William Whitney Brazelton – From 1877 to 1878, the Tucson area suffered from a rash of stagecoach robberies. Most notably, however, were the two robberies committed by masked road agent William Whitney Brazelton.  He held up two stages in the summer of 1878 near Point of Mountain Station approximately 17 miles northwest of Tucson. John Clum, of Tombstone, Arizona, fame was one of the passengers and Brazelton would eventually be tracked down and killed (on Monday August 19, 1878,) in a mesquite bosque along the Santa Cruz River three miles south of Tucson by Pima County Sheriff Charles A. Shibell and his citizen's posse.

Wyatt Earp – Fort Lowell, then east of Tucson, was established to help protect settlers from Apache attacks. In 1882, Frank Stilwell was implicated in the murder of Morgan Earp by Cowboy Pete Spence's wife, Marietta, at the coroner's inquest on Morgan Earp's shooting. The coroner's jury concluded that Spence, Stilwell, Frederick Bode, and Florentino "Indian Charlie" Cruz were the prime suspects in the assassination of Morgan Earp.  Deputy U.S. Marshal Wyatt Earp gathered a few friends he could trust and accompanied Virgil Earp and his family as they traveled to Benson for a train ride to California. They found Stilwell lying in wait for Virgil in the Tucson train station and killed him on the train tracks. After killing Stilwell, Wyatt deputized others and rode on a vendetta, killing three more Cowboys over the next few days before leaving the state.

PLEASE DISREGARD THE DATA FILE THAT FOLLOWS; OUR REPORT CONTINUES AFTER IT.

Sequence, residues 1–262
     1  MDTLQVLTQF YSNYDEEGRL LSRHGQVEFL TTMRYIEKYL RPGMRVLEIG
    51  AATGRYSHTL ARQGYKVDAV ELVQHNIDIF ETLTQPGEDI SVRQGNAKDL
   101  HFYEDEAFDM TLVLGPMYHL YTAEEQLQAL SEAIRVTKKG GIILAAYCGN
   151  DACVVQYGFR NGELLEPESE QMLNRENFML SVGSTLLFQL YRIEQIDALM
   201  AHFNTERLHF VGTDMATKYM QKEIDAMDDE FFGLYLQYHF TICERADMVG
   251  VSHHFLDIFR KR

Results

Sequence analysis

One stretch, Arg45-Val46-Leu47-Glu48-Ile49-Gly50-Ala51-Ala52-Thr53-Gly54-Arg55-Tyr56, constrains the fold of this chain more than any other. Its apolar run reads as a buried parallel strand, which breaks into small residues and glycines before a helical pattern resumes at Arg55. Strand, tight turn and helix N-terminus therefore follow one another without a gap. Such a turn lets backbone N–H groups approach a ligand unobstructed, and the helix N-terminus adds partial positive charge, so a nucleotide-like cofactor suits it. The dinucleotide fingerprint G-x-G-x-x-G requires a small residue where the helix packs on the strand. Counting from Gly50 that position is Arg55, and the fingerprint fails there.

John Dillinger – The Hotel Congress is known for being the site of the capture of bank robber John Dillinger in 1934. After a series of bank robberies, the Dillinger Gang arrived in Tucson to hide out. On January 22, 1934, a fire started in the hotel basement and spread up to the third floor, where the gang resided under aliases. After the desk clerk contacted them through the switchboard, the gang escaped by aerial ladders. On the request of the gang, two firemen retrieved their luggage, identifying who they were. After being transferred to a jail in Crown Point, Indiana, Dillinger escaped again and was eventually shot down in Chicago, Illinois.

Beltway Snipers – The Beltway sniper attacks took place during three weeks in October 2002 in the Mid-Atlantic United States. Ten people were killed and three others critically injured by these spree killers.  The two men responsible for the attacks were Lee Boyd Malvo and John Allen Muhammad. A similar shooting occurred on March 19, 2000, while these two were staying in Tucson. Jerry Taylor was killed by a sniper as he practiced at the Fred Enke Golf Course. In October 2006, Lee Boyd Malvo confessed to shooting Jerry Taylor.